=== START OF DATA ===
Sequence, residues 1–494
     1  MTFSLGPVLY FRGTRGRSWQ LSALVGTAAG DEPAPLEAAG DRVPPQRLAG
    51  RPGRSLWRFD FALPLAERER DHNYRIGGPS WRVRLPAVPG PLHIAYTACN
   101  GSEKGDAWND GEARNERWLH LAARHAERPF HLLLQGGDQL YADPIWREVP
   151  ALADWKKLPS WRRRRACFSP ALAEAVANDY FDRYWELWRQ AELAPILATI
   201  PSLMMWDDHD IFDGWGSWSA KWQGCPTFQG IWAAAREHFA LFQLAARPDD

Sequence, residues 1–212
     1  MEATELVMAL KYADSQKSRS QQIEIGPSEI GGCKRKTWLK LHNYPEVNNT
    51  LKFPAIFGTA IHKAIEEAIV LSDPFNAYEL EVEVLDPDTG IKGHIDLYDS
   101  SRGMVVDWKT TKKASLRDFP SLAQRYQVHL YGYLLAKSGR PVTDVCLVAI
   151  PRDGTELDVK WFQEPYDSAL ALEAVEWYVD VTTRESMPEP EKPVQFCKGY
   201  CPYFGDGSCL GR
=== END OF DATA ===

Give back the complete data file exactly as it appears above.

Sequence, residues 1–494
     1  MTFSLGPVLY FRGTRGRSWQ LSALVGTAAG DEPAPLEAAG DRVPPQRLAG
    51  RPGRSLWRFD FALPLAERER DHNYRIGGPS WRVRLPAVPG PLHIAYTACN
   101  GSEKGDAWND GEARNERWLH LAARHAERPF HLLLQGGDQL YADPIWREVP
   151  ALADWKKLPS WRRRRACFSP ALAEAVANDY FDRYWELWRQ AELAPILATI
   201  PSLMMWDDHD IFDGWGSWSA KWQGCPTFQG IWAAAREHFA LFQLAARPDD

Sequence, residues 1–212
     1  MEATELVMAL KYADSQKSRS QQIEIGPSEI GGCKRKTWLK LHNYPEVNNT
    51  LKFPAIFGTA IHKAIEEAIV LSDPFNAYEL EVEVLDPDTG IKGHIDLYDS
   101  SRGMVVDWKT TKKASLRDFP SLAQRYQVHL YGYLLAKSGR PVTDVCLVAI
   151  PRDGTELDVK WFQEPYDSAL ALEAVEWYVD VTTRESMPEP EKPVQFCKGY
   201  CPYFGDGSCL GR